WiFi which simply means Wireless Fidelity has rolled out another amazing update: 802.11ax, also known as “WiFi 6.”
Wi-Fi 6 is not a new means of connecting to the internet like fiber but an upgraded standard that compatible devices, particularly routers, can take advantage of to transmit Wi-Fi signals more efficiently.
The Wi-Fi 6 (version 802.11ax) is the 6th version of 802.11, so they’re calling it Wi-Fi 6. The previous couple of generations will get the same treatment retroactively, too. Before Wi-Fi 6, there was an existing standard 802.11ac which is called Wi-Fi 5.
How fast is the new Wi-Fi 6 standard?
The new Wi-Fi 6 offers theoretical speeds of up to 10Gbps, although one of the main goals of the standard is to make Wi-Fi work better with multiple devices. There are a few fundamental changes to the way that Wi-Fi 6 works.
First, the standard has improved the number of bits that can be transmitted at the same time. Wi-Fi uses a technique called Quadrature Amplitude Modulation (QAM). Wi-Fi 5 used 512-QAM, which let the system transmit eight bits at once; Wi-Fi 6 uses 1024-QAM, which lets 10 bits be transmitted at the same time. That gives a 25% speed improvement.
Next, Wi-Fi 6 uses Orthogonal Frequency-Division Multiple Access (OFDMA), which breaks a wireless channel down into small chunks, so that each client gets its own dedicated bit of bandwidth. It’s similar to how a post truck can be packed with letters for different people, and separated out at the end.
What Devices Can Use Wi-Fi 6?
Wi-Fi 6 has actually been around for a while, with many routers already offering it. The problem was there were few Wi-Fi 6 routers available, especially at an affordable price.
Fortunately the Wi-Fi Alliance has now finally opened up its new certification programme which means manufacturers can submit their products in order to get a shiny Wi-Fi 6 Certified logo slapped on the box and listed in their spec sheets if the device passes the required tests.
There is now a range of routers available with Wi-Fi 6: these models tend to be more expensive than their Wi-Fi 5 equivalents, but they’re future-proofed for when you get more Wi-Fi 6 devices.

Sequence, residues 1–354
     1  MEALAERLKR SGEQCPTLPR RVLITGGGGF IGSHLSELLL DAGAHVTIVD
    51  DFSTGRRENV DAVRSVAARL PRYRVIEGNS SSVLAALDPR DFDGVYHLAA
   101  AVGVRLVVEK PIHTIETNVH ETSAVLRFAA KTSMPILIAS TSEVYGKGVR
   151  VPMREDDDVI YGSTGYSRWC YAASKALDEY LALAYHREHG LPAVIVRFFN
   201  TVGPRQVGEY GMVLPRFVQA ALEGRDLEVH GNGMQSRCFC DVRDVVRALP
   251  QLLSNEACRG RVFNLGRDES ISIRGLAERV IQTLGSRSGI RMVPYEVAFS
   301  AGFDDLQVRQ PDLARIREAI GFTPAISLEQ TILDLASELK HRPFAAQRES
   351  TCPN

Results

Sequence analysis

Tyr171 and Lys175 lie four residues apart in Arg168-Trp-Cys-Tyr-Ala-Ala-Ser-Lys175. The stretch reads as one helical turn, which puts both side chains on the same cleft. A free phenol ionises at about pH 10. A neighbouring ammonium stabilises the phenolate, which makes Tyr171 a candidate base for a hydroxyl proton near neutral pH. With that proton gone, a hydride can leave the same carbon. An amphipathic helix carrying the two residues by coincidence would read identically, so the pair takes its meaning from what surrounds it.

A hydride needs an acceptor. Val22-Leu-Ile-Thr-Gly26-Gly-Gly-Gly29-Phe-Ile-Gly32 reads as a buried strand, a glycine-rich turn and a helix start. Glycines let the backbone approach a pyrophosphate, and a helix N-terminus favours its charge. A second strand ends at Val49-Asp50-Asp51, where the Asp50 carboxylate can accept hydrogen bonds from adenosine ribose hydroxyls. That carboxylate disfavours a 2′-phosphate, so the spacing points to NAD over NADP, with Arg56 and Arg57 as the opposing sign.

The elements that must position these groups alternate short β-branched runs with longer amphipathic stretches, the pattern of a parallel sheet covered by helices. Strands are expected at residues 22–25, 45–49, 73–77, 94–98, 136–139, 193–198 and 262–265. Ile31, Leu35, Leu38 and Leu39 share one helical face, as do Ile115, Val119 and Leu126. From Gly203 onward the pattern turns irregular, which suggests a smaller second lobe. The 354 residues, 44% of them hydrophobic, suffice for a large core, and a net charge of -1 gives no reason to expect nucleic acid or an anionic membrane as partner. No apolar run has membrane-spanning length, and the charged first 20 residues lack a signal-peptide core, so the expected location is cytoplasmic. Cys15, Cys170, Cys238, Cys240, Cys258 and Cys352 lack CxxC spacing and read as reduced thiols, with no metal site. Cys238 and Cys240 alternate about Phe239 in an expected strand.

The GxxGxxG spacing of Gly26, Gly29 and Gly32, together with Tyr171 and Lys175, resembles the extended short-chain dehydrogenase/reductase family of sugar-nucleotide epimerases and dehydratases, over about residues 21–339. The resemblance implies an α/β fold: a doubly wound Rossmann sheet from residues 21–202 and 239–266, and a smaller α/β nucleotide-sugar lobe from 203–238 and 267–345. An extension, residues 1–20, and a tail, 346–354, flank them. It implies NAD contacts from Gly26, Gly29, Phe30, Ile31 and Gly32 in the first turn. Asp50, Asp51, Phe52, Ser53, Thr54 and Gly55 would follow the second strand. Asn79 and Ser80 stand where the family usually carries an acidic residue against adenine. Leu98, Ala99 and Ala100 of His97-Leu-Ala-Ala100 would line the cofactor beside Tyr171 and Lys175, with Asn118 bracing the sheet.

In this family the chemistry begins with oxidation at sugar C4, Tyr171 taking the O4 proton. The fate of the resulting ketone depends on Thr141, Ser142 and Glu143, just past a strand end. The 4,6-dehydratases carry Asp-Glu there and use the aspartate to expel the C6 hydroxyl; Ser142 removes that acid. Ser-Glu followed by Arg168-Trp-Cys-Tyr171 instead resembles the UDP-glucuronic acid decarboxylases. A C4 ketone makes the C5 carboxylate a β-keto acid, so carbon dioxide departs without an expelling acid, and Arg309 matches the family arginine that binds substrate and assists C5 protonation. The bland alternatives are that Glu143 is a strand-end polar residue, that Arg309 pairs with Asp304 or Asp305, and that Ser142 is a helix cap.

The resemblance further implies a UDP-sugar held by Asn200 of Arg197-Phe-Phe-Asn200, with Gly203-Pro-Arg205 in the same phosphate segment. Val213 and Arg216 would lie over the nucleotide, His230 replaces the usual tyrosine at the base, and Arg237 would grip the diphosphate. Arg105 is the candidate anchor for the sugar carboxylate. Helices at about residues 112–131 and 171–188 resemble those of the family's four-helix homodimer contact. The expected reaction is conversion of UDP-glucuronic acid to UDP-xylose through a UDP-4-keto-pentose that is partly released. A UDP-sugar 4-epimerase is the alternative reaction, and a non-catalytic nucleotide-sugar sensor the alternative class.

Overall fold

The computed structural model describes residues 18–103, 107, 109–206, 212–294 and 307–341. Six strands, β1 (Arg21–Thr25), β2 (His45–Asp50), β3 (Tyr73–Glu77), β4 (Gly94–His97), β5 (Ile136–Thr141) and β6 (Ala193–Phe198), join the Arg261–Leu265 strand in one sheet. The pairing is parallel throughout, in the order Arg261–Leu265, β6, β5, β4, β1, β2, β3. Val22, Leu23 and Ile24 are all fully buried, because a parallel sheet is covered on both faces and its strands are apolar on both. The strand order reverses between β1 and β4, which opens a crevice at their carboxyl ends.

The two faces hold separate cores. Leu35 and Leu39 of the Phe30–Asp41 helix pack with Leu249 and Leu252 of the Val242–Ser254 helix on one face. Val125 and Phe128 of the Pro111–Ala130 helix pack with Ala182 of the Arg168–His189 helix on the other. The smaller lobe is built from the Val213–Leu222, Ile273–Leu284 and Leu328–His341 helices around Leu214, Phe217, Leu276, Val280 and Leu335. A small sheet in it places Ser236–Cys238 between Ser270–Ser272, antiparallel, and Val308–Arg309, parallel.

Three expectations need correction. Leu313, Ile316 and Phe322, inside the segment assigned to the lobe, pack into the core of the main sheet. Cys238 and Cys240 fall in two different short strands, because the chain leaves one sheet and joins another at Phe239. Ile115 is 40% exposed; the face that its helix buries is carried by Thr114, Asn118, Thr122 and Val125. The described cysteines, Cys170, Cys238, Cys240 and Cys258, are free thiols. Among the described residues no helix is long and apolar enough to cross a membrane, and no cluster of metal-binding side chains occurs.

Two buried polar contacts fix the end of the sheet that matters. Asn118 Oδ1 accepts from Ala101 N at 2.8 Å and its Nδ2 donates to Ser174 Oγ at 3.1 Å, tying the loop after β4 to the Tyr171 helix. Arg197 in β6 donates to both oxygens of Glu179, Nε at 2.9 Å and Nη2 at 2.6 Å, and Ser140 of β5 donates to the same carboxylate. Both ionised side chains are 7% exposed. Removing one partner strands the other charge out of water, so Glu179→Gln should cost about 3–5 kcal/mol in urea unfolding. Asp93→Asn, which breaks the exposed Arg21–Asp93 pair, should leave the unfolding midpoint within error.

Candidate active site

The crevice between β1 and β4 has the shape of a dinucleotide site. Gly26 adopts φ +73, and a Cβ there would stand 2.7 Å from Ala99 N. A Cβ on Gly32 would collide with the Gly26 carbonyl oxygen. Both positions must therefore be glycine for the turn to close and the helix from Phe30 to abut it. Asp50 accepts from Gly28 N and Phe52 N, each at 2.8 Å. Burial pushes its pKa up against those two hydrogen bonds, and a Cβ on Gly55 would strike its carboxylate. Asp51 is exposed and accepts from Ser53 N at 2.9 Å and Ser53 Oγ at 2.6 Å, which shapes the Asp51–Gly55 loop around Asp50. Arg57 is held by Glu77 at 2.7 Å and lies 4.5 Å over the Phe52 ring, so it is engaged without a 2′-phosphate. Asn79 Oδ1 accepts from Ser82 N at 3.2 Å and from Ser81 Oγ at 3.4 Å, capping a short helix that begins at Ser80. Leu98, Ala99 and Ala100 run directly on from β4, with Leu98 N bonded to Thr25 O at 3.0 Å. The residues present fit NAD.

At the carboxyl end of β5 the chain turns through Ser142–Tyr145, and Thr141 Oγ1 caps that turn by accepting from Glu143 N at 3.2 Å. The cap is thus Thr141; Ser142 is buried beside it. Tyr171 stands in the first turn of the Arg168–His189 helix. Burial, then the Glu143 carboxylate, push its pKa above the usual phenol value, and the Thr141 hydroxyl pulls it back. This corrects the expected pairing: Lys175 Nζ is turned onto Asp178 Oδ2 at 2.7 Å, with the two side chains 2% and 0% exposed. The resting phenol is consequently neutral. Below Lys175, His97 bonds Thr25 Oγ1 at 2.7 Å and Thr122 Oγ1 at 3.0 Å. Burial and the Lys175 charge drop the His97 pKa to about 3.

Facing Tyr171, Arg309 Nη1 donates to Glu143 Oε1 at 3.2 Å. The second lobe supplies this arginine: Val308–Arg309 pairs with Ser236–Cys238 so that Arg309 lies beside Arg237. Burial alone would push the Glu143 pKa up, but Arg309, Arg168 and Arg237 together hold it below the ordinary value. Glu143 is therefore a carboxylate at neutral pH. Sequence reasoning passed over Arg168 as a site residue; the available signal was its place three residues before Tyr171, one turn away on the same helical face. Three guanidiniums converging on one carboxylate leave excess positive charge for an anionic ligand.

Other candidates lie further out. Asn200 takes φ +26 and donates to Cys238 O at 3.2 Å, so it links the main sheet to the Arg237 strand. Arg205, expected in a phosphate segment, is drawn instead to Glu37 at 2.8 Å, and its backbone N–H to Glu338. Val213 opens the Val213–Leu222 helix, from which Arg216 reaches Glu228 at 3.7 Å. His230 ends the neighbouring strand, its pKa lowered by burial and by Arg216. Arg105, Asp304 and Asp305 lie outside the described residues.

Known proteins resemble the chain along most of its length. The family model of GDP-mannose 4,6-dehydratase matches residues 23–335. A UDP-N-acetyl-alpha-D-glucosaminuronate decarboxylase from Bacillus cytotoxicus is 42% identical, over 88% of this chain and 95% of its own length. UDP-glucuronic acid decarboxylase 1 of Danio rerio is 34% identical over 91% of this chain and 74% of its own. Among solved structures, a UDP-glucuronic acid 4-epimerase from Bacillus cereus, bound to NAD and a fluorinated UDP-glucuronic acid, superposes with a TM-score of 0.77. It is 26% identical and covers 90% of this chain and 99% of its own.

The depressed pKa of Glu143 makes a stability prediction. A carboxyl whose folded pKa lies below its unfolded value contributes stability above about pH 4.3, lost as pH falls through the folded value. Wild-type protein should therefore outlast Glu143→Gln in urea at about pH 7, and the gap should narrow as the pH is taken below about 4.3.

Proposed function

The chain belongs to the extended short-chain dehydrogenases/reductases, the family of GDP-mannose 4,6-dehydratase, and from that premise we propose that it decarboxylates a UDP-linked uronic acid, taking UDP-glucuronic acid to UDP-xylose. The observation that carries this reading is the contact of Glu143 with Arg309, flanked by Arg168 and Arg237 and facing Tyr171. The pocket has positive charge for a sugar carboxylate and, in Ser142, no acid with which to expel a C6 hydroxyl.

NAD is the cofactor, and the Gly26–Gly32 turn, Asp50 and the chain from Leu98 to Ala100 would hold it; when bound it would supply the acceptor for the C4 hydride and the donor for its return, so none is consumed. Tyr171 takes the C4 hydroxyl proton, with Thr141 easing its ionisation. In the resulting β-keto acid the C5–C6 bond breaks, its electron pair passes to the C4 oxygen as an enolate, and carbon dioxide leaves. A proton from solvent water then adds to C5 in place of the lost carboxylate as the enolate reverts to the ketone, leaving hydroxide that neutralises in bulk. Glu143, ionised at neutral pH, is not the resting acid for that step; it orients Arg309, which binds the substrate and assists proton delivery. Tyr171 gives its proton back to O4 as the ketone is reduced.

Of course, a Wi-Fi 6 router is wasted if you don’t have any Wi-Fi 6 compatible devices. The good news here is that Wi-Fi 6 products are starting to appear in stores. The Samsung Galaxy S10 was the first smartphone to feature support for Wi-Fi 6, while Apple’s upcoming iPhone 11, iPhone 11 Pro and iPhone 11 Pro Max all support it too.
We’ll also start to see more laptops flaunting Wi-Fi 6 support thanks to the launch of Intel’s new Ice Lake and Comet Lake processors. One of the very first laptops to feature one of Intel’s 10th Generation CPUs (and therefore offering Wi-Fi 6 support) will be the Dell XPS 13 2-in-1, but many more will start to hit stores throughout the last quarter of the year and 2020.
What are Wi-Fi standards?
Each new Wi-Fi standard that comes along introduces improvements and refinements to our wireless networks. Wi-Fi 6 is the sixth generation of these standards, as the name kind of implies.
Here’s a full table of the previous Wi-Fi standards, including their old and new names, maximum speeds and other pertinent information.
Note that the three generations prior to Wi-Fi 4 have not officially been rechristened by the Wi-Fi Alliance, as they’re now defunct and won’t be found or supported by any new products.
|Original name||New name||Top speed||Year of introduction||Other information|
|802.11ax||Wi-Fi 6||10Gbps||2018||Designed to operate in the 1 and 7 GHz frequencies as well as 2.4GHz and 5GHz|
|802.11ac Wave 1 / Wave 2||Wi-Fi 5||1.3Gbps / 2.34Gbps||2013 / 2016||Used 20, 40 and 80-MHz channels in the 5GHz band / used 160MHz 5GHz channel, added MU-MIMO (Multi-user MIMO) for even greater coverage|
|802.11n||Wi-Fi 4||450Mbps||2009||Support for dual-band Wi-Fi, meaning routers and devices could use 2.4GHz and 5GHz, and MIMO (mutli input, multi output) for greater coverage|
|802.11g||n/a||54Mbps||2003||Brought the top 802.11a speed to the 2.4GHz frequency|
|802.11b||n/a||11Mbps||1999||Single-band, used the 2.4GHz frequency|
|802.11a||n/a||54Mbps||1999||Single-band, used the 5GHz frequency, launched at same time as 802.11b|
On speeds, you should note that the speeds given here are theoretical maximum speeds – even if you have the latest phones and laptops, if there are other devices in your home all using the same connection, or you’re moving closer or further away from your router (and you’ve not got a mesh Wi-Fi system set up), then your mileage may vary.
To take full advantage of Wi-Fi 6 and its improvements, you’ll need the proper equipment. For one, you’ll need an 802.11ax compatible router. In addition, each device that connects to that router should have the appropriate Wi-Fi 6 antenna.
Wi-Fi standards also ensure that products are backwards-compatible. In other words, older connected devices which don’t conform to the latest standards will still happily connect to a Wi-Fi 6 router. They just won’t be able to capitalise on those updates. Likewise, any smartphones, laptops and other devices which are Wi-Fi 6 compatible can hook up to a router using Wi-Fi 5.